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Golfing Terminology brought to you by The Golf Club
Golfing Terminology starting with "S"
Safety Shot: Playing a shot intentionally short, so as
to avoid a hazard and set yourself up for the next shot. Also known as
Sandbagger: a golfer that carries a higher official handicap
than his skills indicate, eg, carries an eight, plays to a two. Sandbaggers
usually artificially inflate their handicaps with the intent of winning
bets on the course, a practice that most golfers consider cheating.
Sand Save: when a player gets up and down from a greenside
sand bunker, regardless of score on the hole. Sand Save percentage is
a player statistic kept by the PGA Tour.
Sand Trap: A hazard or bunker, usually near the green.
Sand Wedge: a lofted club designed especially for playing
out of a bunker. The modern sand wedge was invented by Gene Sarazen.
Sandie: a Sand Save (see above) that results in a score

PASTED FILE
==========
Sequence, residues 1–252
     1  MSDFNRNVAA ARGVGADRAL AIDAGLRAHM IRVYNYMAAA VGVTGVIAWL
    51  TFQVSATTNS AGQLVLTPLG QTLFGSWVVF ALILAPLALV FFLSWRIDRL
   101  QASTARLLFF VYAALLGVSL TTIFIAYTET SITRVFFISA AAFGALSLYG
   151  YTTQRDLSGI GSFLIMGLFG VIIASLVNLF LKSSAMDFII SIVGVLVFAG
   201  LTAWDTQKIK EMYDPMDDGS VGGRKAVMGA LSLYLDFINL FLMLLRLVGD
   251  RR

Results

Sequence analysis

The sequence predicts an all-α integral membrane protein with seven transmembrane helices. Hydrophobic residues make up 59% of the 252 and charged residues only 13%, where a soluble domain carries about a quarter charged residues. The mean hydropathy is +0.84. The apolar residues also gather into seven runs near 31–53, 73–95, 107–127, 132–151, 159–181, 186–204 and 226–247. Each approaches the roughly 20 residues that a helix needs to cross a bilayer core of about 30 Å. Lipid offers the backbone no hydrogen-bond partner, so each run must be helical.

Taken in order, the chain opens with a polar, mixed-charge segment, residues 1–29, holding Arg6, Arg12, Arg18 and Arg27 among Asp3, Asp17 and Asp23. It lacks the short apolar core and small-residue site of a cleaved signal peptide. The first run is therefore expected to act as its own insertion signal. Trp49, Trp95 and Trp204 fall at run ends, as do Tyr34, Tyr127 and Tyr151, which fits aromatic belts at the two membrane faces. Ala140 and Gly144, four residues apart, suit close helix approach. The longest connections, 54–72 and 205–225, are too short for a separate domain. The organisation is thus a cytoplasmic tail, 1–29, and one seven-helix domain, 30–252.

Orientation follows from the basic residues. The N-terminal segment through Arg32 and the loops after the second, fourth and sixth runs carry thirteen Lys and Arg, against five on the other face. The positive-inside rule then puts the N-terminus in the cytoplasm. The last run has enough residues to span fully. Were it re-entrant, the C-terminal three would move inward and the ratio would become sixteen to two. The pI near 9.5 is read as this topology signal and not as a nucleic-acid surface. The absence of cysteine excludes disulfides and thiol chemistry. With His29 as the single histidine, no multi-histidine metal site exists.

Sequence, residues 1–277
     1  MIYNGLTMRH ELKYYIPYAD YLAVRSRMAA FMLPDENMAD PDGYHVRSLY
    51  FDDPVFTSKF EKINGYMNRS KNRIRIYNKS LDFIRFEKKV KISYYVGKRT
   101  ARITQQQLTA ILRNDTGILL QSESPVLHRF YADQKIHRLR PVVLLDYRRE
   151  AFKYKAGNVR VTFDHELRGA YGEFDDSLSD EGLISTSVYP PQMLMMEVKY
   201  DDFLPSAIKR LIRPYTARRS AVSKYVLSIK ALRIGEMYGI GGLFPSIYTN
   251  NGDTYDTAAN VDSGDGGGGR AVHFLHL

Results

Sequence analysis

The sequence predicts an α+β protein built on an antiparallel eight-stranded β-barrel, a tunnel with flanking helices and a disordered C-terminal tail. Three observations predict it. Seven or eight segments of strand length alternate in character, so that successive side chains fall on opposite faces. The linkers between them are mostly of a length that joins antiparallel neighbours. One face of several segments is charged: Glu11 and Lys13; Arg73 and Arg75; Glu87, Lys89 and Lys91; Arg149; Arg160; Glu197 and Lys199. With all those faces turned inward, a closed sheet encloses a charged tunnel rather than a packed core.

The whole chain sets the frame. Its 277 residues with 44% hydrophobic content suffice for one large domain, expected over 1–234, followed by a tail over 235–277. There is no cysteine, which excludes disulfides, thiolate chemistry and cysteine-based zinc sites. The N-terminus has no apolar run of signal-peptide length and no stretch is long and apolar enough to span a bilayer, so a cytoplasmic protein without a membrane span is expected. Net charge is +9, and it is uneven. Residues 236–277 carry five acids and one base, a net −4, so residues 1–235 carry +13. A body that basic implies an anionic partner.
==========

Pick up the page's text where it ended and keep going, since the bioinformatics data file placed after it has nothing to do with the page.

of par or better. Sandies are counted as points in some social golf games.
Schreckbagger: a golfer who continuously uses poor golf
swing and strategy to over achieve in the game of golf. ps has a swing
like an octopus and has been known to put fewer strokes on his card than
Scoring Clubs: The driver, putter and sand wedge.
Scotch foursomes:In scotch foursomes teams of 2 players
compete against each other. Players alternate hitting the same ball. The
first player tees off, the second player hits the second shot, the first
player hits the third shot, and so on until the ball is holed. To this
point, the definition of ‘scotch foursomes’ is the same as
that of ordinary ‘foursomes’; however, players do not alternate
hitting tee shots as they would in foursomes. If Player A teed off on
the first hole and Player B holed the final putt, Player B would not tee
off at the second, meaning that Player A could, in theory, play every
tee shot on the round. The team with the lowest score wins the hole.
Scramble: when a player misses the green in regulation,
but still makes par or better on a hole. Scrambling percentage is a player
statistic kept by the PGA Tour. Also a two or four man format, similar
to Best Ball, except in a scramble, each player strikes a shot, the best
shot is selected, then all players play from that selected position.